CHAMOMILLA symptoms of the homeopathy remedy from Plain Talks on Materia Medica with Comparisons by W.I. Pierce. What CHAMOMILLA can be used for? Indications and personality of CHAMOMILLA…



      (Chamomilla-Xapai, chamai, earth; melon, apple, so called from the apple-like smell of the flower.)

Chamomilla was first proved by Hahnemann, who recommends its use in the 12th, and says that it “has not a long duration of action.”.


      “The fact,” says Dunham, “that Chamomilla exalts the general susceptibility, causing pains to be felt very keenly, so that a pain which might be supposed to be only moderately severe is, to the patient, intolerable,” furnishes us with the most characteristic symptom and the keynote for the use of the remedy.

The disposition is peevish, impatient and restless (160), with excessive susceptibility to pain (148) and is accompanied by the statement, made by speech, expression or pantomime, that she can’t stand it any longer.

The Chamomilla patient would like to dismiss her doctor before he had made his first prescription, so impatient is she, and you can interpret as you please, Hahnemann’s statement that it “is less beneficial to those who remain patient and composed under their sufferings.”

It is primarily a remedy for infants and secondary for grown-ups who act like babies.

Children are extremely cross, irritable and whining. They want this and they want that, but when offered it, either will not take it or push it away in anger, and no matter the lateness of the hour, or your previous condition of fatigue, the only way that they can be comforted and kept from crying is to walk the floor with them, when they will smile and coo, say “pretty papa” and act like perfect little angels. The young father of the comic paper unquestionably had a Chamomilla baby.

Older patients requiring Chamomilla are peevish and impatient and extremely sensitive to pain, so that they speak of the slightest twinge as unbearable (148).

It is of value for people suffering from the excessive use of coffee, “when the symptoms do not rather point to Nux vomica” (Hahnemann), and for those who have been in the habit of taking opium, bromide, etc., for the relief of pain, nervousness or sleeplessness. Hering says: “As long ago as 1830, I gave Chamom. in cases spoiled by the use of opium or morphia, at least as an intercurrent before giving other remedies, and mostly with brilliant results.”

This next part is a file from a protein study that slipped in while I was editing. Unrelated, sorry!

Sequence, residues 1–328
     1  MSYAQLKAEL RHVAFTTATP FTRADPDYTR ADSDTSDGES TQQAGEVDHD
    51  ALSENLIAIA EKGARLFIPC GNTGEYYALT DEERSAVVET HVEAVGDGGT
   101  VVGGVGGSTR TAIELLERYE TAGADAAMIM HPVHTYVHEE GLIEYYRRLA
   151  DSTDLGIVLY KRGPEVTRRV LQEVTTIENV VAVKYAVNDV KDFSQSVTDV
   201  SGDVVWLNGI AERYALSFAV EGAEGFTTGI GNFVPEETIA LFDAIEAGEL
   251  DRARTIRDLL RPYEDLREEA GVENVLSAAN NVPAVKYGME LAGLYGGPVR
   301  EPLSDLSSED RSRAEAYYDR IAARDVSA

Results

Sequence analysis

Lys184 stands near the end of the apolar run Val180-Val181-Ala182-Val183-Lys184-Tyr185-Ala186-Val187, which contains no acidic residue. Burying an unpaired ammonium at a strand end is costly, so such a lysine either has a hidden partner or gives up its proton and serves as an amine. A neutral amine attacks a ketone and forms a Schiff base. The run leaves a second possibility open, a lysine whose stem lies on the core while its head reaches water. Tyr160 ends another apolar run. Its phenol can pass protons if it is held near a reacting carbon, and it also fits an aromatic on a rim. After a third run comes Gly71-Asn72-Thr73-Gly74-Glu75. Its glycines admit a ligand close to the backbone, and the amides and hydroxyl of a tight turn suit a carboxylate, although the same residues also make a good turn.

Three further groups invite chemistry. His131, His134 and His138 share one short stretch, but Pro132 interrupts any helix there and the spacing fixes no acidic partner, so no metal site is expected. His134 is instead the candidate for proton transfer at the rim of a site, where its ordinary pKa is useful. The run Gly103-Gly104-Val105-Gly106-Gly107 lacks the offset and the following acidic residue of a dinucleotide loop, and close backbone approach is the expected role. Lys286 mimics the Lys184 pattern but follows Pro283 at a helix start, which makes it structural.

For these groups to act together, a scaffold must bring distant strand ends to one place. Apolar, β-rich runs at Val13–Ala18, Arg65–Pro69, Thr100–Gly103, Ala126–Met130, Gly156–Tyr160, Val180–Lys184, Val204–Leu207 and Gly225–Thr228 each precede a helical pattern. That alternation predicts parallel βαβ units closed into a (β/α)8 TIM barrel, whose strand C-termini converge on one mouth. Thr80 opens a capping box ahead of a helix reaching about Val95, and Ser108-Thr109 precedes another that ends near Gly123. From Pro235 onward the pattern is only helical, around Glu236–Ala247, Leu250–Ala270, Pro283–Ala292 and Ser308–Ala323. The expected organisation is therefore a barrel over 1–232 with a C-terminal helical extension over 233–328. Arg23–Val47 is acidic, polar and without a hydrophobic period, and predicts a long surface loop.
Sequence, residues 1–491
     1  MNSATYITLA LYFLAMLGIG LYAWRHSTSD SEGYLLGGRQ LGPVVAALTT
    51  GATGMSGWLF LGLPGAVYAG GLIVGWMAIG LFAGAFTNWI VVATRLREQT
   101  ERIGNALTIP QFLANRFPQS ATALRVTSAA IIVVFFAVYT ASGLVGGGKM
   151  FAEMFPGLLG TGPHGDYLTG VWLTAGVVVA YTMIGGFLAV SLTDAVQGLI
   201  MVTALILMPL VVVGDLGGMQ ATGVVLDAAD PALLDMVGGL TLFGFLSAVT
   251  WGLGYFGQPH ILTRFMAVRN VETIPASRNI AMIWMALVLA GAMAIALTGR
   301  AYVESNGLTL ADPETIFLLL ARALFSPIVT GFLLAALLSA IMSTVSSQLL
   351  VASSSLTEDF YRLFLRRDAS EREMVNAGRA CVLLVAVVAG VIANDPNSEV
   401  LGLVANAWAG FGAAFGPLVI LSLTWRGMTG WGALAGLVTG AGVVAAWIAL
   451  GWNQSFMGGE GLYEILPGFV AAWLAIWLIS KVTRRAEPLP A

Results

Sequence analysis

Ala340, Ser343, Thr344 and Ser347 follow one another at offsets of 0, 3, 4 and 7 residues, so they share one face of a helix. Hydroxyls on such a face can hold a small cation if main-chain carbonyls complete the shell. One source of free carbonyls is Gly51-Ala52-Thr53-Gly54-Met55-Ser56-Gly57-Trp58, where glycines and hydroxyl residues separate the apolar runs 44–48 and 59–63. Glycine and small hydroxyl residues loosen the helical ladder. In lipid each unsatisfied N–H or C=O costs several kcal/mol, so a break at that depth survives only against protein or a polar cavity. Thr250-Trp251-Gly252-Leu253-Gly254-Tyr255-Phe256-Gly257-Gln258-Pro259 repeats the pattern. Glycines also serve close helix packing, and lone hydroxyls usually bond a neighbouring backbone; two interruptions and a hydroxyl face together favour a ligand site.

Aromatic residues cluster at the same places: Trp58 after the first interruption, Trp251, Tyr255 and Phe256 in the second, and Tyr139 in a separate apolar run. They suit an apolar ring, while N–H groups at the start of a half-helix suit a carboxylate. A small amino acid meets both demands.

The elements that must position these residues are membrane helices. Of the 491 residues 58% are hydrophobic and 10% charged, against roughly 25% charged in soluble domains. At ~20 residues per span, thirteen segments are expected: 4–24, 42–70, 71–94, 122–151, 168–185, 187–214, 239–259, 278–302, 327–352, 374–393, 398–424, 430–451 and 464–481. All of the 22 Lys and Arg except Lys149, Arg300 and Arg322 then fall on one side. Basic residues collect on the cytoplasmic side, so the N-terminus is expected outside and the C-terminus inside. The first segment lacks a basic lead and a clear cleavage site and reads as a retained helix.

Without the mental symptoms, Chamomilla will seldom be called for; but with them it will be found valuable in a great variety of neuralgias, painful diseases and hysterical conditions, even if other indications pointing to the remedy are wanting; it will at least change the aspect of the case and make it more amenable to treatment.

There is a general aggravation of the pains at night and from warmth (8). When the pains are severe there is an inability to keep quiet; she will toss about in bed, wring her hands or get up and walk the floor (10) insisting upon instant relief.

Chamomilla is of value for convulsions in children, especially with the characteristic symptom of redness of one cheek while the other is pale (27) and usually associated with hot sweat. These convulsions may be due to teething (187) to excitement or anger or from a “fit of anger in the mother previous to nursing the child” (Lilienthal).

It is of value in earache (63) and toothache (187) as well as in various neuralgias of the face, with the intolerance of the pain and aggravation from heat. In the distress of teething children (187), it is of constant use, with the mental distress and peevishness so characteristic of the remedy.

Anger often plays an important part as the cause for many a condition calling for Chamomilla. Convulsions have already been spoken of; other morbid states resulting from anger are, flatulent colic and indigestion (177), diarrhoea, menstrual colic, threatening miscarriage (13) and suppression of milk.

Willard Ide Pierce
Willard Ide Pierce, author of Plain Talks on Materia Medica (1911) and Repertory of Cough, Better and Worse (1907). Dr. Willard Ide Pierce was a Director and Professor of Clinical Medicine at Kent's post-graduate school in Philadelphia.